An Australian study has shown that children who drink both plain and flavoured milk have higher intakes of essential nutrients such as calcium, phosphorous, iodine and magnesium than children who don't.
A recent study in the Lancet has found no association between a mothers vitamin D status during pregnancy and the bone density of her children at age 9-10 years. This throws into question the value of vitamin D screening during pregnancy.
A recent article in the Journal of Paediatrics and Child Health provides an overview of the important role of breast milk bioactive proteins in enhancing nutrition and growth and protecting the breastfed infant from bacterial and viral infections. It also looks at their possible future application in infant formula and other infant products.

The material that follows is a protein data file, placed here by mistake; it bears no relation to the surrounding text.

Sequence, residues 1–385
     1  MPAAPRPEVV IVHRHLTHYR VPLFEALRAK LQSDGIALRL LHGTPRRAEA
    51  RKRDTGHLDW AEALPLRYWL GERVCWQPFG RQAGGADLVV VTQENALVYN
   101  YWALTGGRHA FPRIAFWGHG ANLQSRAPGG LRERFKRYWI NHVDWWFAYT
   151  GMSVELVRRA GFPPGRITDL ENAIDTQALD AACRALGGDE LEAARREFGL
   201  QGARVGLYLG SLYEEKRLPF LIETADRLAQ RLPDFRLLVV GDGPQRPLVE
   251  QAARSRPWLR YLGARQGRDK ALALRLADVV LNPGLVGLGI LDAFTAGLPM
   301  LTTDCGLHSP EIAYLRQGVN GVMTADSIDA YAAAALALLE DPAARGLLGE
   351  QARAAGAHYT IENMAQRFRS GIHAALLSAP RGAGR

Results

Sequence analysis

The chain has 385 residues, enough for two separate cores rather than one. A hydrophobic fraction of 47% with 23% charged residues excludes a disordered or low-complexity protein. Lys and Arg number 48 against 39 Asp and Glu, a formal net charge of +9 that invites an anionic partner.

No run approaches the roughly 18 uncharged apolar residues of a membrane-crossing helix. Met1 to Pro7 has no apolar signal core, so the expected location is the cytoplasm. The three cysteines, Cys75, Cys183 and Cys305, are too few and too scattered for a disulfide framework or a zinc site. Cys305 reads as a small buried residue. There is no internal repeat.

A study of the prevalence of overweight and obesity in pregnant women in Victoria's rural Goulburn Valley region has found that nearly two thirds of them were overweight or obese, much higher than tha found in metropolitan regions. This places rural women at greater risk of pregnancy and birth complications.
A study undertaken by Newcastle University has found that chronic functional constipation (CFC) in children is associated with drinking cows milk. The cause appears unrelated to the type of casein in the milk but rather to some other component.
A New Zealand study, published in Nutrition & Dietetics found that independent risk factors for iron deficiency (ID) in children aged 6-23 months were prematurity and low birthweight, increased body mass index (BMI), consuming fruit only as a between meal snack and not with meals, not having milk formula,drinking cows milk daily and consuming only homemade foods as first solids.